MORGANTOWN, W.Va. — Service is the best part of Reverend Dr. Martin Luther King, Jr.’s legacy according to a West Virginia University vice president.
“Dr. King talked a lot about the beloved community,” said David Fryson. “It’s a community where we serve one another. In this time of so much political rancor and disagreement, it is wonderful to have a day where you just serve one another.
Fryson leads the university’s Division of Diversity, Equality and Inclusion. He was in Charleston Monday where one group of students was volunteering their time in the city’s west side.
“They’re doing everything from painting to doing actual manual labor to reading to children to reaching out in so many ways,” Fryson told Hoppy Kercheval on Metronews Talkline. “We think this is a positive part of the King legacy.”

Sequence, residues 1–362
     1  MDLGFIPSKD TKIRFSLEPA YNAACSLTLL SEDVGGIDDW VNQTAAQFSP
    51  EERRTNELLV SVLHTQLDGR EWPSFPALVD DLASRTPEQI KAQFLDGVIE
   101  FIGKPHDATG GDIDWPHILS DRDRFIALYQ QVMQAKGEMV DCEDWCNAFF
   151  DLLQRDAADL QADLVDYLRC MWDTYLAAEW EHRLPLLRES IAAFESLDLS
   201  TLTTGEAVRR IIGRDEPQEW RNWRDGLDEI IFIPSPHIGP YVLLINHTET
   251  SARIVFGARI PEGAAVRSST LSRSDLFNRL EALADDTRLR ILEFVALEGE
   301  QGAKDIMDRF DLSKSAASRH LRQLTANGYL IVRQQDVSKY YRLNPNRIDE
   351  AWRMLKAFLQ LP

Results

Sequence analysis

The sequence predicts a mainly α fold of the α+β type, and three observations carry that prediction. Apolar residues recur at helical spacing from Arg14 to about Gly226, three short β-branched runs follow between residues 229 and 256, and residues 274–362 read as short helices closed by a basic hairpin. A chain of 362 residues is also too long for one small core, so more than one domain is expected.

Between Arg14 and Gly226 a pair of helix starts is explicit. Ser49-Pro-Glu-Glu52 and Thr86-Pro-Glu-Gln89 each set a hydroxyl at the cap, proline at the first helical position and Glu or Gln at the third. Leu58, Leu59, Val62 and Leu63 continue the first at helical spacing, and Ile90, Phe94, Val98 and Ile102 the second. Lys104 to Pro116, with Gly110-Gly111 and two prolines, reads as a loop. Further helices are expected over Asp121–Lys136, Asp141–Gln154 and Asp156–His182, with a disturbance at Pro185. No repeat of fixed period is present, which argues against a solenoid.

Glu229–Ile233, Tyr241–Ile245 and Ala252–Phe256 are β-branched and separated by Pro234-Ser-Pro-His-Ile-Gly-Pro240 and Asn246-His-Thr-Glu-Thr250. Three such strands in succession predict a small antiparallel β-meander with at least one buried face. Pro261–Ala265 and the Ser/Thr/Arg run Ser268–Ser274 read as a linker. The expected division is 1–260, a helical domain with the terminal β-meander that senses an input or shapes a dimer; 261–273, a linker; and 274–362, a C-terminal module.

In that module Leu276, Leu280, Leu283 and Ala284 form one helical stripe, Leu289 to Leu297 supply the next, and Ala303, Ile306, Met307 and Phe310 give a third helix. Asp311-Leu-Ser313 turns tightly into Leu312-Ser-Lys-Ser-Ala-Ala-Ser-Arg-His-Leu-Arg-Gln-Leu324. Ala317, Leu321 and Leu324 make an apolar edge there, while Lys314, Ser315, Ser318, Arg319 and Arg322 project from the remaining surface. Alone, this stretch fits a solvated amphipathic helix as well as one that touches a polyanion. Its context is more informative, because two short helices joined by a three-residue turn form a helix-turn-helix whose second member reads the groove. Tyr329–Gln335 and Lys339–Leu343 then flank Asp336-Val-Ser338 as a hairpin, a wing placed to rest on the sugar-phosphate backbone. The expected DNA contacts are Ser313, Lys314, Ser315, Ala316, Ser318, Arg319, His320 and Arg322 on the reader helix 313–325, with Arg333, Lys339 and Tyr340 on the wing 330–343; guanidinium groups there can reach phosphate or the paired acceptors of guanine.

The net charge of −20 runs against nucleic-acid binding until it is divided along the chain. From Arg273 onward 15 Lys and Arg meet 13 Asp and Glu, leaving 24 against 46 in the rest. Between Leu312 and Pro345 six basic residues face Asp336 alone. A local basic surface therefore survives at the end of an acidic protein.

For a decade, WVU has made the commemoration of King’s life and commitment to unity and equal rights a day on rather than a day off, although classes are not held.
“It’s not a day of service. It’s a day of rallying toward the justice of the beloved community Dr. King talked about,” Fryson added.
The civil right leader said, “If you can’t fly, run. If you can’t run, walk. If you can’t walk, crawl. But by all means, keep moving.”
Fryson is a part of the Martin Luther King, Jr. State Holiday Commission in West Virginia.
“I think that’s a message for West Virginia. Right now, with all of the challenges, we have to make sure we don’t just talk about the challenges whether that is the challenges we have with our economy, we have to find out a way to keep moving forward,” Fryson added.
WVU students spent time serving Morgantown and Fairmont communities Monday as well.